As the members of the Monetary Policy Committee (MPC) meet today and tomorrow to determine the policy direction of the Central Bank of Nigeria, analysts say they expect rates to remain unchanged despite a surprising easing in inflation figures announced last week by the National Bureau of Statistics (NBS).
Although many had expected inflation figures to continue trending upwards on imported inflation, the figures released by the NBS showed that the rate at which prices of goods and services in the country rise, slowed to 18.12 per cent in April from 18.17 per cent in March this year. The decline in inflation however does not necessarily imply that prices are falling. It simply means that commodity prices are increasing albeit at a slower pace.
Despite the easing in inflation, analysts say the MPC is less likely to consider this as a trend and thus cut benchmark rates. At the last MPC meeting in March, three out of nine of the members had voted to raise benchmark interest rates to stem the rising tide of inflation.
Inflation rate which has doubled beyond the CBN target of nine per cent, had been a major consideration by all members of the committee and while the respite in the April figure may not be enough to cut rates, analysts say it may placate the hawks hoping to further tighten monetary policy.
According to analysts at Financial Derivatives Company Limited, all eyes will now be on the MPC at their meeting next week to see their reaction to the unexpected drop in inflation. "The GDP numbers are scheduled for release on May 24. We are projecting a mild contraction of 0.5 per cent. Our view is that the committee would maintain its current stance and watch the indicators closely. This is because inflation is likely to increase again in the month of May due to output shocks and supply chain disruptions as a result of heightening insecurity. This will be compounded by exchange rate pressures and higher logistics costs," the analysts said.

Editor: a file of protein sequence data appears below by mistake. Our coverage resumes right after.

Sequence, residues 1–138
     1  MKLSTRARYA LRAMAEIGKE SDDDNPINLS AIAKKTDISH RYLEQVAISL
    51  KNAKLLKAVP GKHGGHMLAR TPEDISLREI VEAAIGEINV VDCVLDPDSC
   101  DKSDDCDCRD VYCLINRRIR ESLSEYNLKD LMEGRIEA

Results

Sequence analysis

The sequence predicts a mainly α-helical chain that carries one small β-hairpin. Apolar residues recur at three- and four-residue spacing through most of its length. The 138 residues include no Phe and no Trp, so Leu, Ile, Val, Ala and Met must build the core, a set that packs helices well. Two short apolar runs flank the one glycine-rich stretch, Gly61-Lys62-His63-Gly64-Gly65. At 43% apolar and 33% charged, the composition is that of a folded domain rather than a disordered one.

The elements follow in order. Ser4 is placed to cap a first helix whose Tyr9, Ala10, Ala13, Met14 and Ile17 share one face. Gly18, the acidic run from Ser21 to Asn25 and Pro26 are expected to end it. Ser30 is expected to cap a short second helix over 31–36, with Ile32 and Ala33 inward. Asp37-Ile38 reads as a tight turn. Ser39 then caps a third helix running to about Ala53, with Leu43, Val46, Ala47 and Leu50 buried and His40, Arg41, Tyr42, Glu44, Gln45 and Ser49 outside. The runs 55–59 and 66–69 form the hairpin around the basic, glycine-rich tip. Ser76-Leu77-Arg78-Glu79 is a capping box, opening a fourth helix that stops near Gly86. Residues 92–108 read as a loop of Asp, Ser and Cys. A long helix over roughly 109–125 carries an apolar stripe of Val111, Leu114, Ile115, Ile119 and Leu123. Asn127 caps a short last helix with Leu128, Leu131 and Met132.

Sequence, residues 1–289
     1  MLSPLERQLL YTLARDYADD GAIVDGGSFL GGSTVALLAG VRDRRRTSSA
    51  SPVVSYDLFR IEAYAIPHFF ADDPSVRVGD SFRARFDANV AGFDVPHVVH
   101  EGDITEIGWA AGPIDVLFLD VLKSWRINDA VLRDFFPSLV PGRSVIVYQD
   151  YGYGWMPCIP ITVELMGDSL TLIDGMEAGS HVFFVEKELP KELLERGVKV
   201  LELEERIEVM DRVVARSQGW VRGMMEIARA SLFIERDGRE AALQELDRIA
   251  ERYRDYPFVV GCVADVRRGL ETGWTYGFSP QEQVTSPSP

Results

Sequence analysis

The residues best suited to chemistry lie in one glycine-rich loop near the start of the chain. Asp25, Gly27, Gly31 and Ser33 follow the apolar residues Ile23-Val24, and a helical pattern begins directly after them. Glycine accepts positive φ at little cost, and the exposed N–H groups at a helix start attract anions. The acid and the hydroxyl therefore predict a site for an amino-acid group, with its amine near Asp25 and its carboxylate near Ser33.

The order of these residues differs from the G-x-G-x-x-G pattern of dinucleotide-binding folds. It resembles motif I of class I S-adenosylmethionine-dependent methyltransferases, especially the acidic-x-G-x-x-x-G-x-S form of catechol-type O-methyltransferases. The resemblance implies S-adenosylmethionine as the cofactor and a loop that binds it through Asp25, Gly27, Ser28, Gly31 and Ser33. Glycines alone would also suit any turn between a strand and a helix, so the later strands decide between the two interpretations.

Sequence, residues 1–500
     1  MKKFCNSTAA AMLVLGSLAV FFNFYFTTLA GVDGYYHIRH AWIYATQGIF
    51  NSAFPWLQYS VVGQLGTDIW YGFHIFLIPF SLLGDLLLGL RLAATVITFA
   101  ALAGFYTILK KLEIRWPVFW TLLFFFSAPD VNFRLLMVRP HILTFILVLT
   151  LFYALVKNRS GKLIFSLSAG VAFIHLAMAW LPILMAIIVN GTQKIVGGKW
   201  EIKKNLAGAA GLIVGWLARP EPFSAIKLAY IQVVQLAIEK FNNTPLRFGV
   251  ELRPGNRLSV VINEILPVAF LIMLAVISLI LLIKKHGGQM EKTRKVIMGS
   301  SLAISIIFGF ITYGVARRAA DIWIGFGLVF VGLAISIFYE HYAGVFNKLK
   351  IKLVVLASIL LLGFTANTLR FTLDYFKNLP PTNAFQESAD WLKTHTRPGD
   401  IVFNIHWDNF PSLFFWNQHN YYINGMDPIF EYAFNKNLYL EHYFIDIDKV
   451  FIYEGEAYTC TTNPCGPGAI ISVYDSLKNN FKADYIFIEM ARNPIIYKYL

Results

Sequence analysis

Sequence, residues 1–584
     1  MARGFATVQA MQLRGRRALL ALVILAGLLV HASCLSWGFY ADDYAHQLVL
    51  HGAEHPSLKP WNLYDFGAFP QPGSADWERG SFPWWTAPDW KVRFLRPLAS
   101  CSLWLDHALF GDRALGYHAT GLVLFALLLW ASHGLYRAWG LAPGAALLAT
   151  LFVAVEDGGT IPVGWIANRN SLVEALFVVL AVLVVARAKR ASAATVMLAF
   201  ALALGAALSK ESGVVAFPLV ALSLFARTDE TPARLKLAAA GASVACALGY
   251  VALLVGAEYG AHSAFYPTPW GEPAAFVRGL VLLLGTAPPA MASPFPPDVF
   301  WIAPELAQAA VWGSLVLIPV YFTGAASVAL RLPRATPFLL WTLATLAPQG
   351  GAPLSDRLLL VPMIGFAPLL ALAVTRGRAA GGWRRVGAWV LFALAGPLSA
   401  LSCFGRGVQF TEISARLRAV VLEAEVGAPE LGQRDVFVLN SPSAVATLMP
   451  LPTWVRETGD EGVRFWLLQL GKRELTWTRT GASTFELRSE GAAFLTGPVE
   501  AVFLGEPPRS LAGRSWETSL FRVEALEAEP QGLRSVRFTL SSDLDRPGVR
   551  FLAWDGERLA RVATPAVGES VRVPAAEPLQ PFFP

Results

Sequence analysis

This was also the view of analysts at Cowry Assets Management Limited, who noted that while there may be a possibility of a further tightening, the committee is expected to maintain status quo. The analysts said, "Despite the surprise moderation in inflation rate, we remain cautiously optimistic and expect prices to remain sticky due, in part, to the ongoing rainy season and the lingering effects of structural bottlenecks and insecurity.
"We expect the MPC to at least hold Monetary Policy Rate (MPR) constant. Nevertheless, we do not rule out the possibility of the Committee increasing the MPR in order to further consolidate its move to stabilize the depreciating exchange rate."